Nursing Research Paper Essay on Nosocomial Infections in ICU

Nosocomial Infections in ICU

Abstract

Nosocomial infections are some of the hospital-acquired infections that affect postoperative patients in the ICU. Nosocomial infections are the cause of thirty percent of the deaths that occur in the ICU.

Purpose: The purpose of the paper is to examine the cause and the prevention mechanism for Nosocomial infections among postoperative patients in the intensive care unit (ICU).

Design and Methods: The study will use a sample of two hundred patients who are in ICU undergoing treatment after a surgical procedure. Only patients diagnosed with the postoperative sepsis will be included in the study. The research will take place for a period of three months to ensure the validity of the results. The research will make use of both questionnaires and observation to collect the required data. 

Plan: the plan will entail a treatment and a physical layout process. Nurses will use specific antibiotics for patients who have undergone surgical procedures to avoid wrong prescription. Additionally, the plan involves creating enough room at the ICU to avoid infections.

Implementation and Evaluation: After diagnosis, nurses will employ safety mechanisms, such as providing the right antibiotics to patients and the provision of enough space in the ICU.

Analysis and evaluation: the evaluation process includes the observation of the rate of infection and the cost of care after the intervention.

Keywords: ICU, Nosocomial, postoperative patients

Nosocomial Infections in ICU

Literature Review

            Nosocomial infections are some of the hospital-acquired infections that affect postoperative patients in the ICU. Research indicates that Nosocomial infections are the cause thirty percent of the deaths that occur in the ICU. For instance, people undergoing heart surgery are more susceptible to the condition because they have to spend a lot of time under intubation. The condition is rather prevalent in developing nations because of staffing problems and economic instability that hospitals in such nations face (Ahmed, 2012).

The infection occurs in two stances, either at the onset of the treatment or during post-treatment care. According to previous research, the major risk factors for Nosocomial infection among postoperative patients are the duration of the intubation period, and the rate of readmission (Ahmed, 2012). Additionally, diseases such as diabetes increase the risk of Nosocomial infections. As such, different hospitals employ varied approaches to the prevention, and the treatment of the conditions depending on the risk factors involved (Lola & Petrou, 2011).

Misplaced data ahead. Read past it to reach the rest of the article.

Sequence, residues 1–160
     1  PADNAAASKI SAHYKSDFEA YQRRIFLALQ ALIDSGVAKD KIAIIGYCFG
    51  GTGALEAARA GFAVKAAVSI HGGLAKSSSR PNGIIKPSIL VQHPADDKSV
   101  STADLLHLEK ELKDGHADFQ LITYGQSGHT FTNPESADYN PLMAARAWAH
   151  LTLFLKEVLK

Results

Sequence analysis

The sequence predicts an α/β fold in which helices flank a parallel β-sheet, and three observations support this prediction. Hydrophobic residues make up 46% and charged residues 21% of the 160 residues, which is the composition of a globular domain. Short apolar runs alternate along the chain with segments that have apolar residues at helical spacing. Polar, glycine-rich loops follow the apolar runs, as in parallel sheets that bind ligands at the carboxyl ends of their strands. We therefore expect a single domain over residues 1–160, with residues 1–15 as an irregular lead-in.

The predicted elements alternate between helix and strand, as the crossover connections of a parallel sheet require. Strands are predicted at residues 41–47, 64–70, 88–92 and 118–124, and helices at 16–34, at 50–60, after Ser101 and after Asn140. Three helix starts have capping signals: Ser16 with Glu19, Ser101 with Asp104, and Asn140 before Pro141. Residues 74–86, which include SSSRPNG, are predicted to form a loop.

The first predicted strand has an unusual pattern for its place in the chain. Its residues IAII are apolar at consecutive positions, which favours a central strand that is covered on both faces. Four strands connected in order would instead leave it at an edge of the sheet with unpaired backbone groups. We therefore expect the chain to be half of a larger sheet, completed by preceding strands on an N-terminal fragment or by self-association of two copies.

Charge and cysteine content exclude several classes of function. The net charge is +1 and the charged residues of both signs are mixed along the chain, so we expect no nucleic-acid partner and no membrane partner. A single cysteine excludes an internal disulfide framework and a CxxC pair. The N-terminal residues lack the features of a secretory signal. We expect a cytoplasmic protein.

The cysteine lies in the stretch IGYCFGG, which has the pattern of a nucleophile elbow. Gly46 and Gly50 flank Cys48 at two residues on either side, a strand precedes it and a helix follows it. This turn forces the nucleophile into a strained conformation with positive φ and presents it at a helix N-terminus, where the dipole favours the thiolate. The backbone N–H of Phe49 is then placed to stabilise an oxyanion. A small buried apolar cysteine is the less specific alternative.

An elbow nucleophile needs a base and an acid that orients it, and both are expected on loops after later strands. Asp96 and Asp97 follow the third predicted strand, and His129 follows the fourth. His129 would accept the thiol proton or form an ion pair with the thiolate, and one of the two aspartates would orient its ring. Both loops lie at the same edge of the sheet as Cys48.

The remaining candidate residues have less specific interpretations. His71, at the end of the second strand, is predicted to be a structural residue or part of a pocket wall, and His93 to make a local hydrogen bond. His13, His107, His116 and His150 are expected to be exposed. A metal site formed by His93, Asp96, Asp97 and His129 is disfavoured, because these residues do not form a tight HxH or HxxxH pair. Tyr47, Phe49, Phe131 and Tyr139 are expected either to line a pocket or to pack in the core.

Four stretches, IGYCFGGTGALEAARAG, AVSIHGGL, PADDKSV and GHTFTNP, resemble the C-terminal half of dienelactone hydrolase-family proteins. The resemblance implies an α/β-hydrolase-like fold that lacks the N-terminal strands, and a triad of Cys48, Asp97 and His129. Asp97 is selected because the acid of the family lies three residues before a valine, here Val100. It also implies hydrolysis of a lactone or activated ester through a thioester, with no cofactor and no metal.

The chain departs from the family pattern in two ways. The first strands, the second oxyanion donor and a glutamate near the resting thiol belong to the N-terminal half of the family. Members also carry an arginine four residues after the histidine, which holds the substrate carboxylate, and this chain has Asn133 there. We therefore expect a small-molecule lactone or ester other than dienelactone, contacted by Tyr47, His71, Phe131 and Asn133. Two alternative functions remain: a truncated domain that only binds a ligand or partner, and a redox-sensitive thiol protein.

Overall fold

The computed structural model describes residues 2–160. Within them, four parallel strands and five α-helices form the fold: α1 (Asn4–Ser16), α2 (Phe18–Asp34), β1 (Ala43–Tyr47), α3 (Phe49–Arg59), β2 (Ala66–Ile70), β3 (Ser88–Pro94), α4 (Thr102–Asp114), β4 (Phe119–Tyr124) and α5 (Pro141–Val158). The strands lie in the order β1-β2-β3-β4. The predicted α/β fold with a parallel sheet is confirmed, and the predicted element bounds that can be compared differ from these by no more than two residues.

Design and Method

            The researcher will use a sample of two hundred patients who have undergone various types of surgeries to determine the causes and the levels of infection. The researcher will collect wound swabs from the selected patients, which will undergo various microbiological testing. The swabs will be collected before the wounds are redressed to avoid interfering with the results (Ahmed, 2012).

Proposed Plan

            The intervention plan will entail nurses using specific antibiotics to treat different infections while ensuring enough spacing between patient beds. Nurses will diagnose each case differently to avoid poor antibiotic selection. All patients in the ICU who have undergone any surgical procedure will be diagnosed for Nosocomial infection. The hospital will ensure that patients in ICU have enough space from one another to prevent the spread of the infection (Lola & Petrou, 2011).

Implementation and the Evaluation of the Practice

To implement the plan, the hospital will collaborate with home care services to prevent overcrowding in the ICU. Additionally, the nurses will work together with different professionals in the hospital to ensure that patients are given the right antibiotics after surgery.To evaluate the plan, the researcher will consider the cost of care and the rate of infection after the intervention.

References

Ahmed, M. (2012). Prevalence of Nosocomial wound infection among postoperative patients and antibiotics patterns at teaching hospital in Sudan. N Am J Med Sci, 4 (1), 29-34.

Lola, I. & Petrou, A. (2011). Are there independent predisposing factors for postoperative infections following open-heart surgery? Journal of cardiothoracic surgery, 6 (1), 151.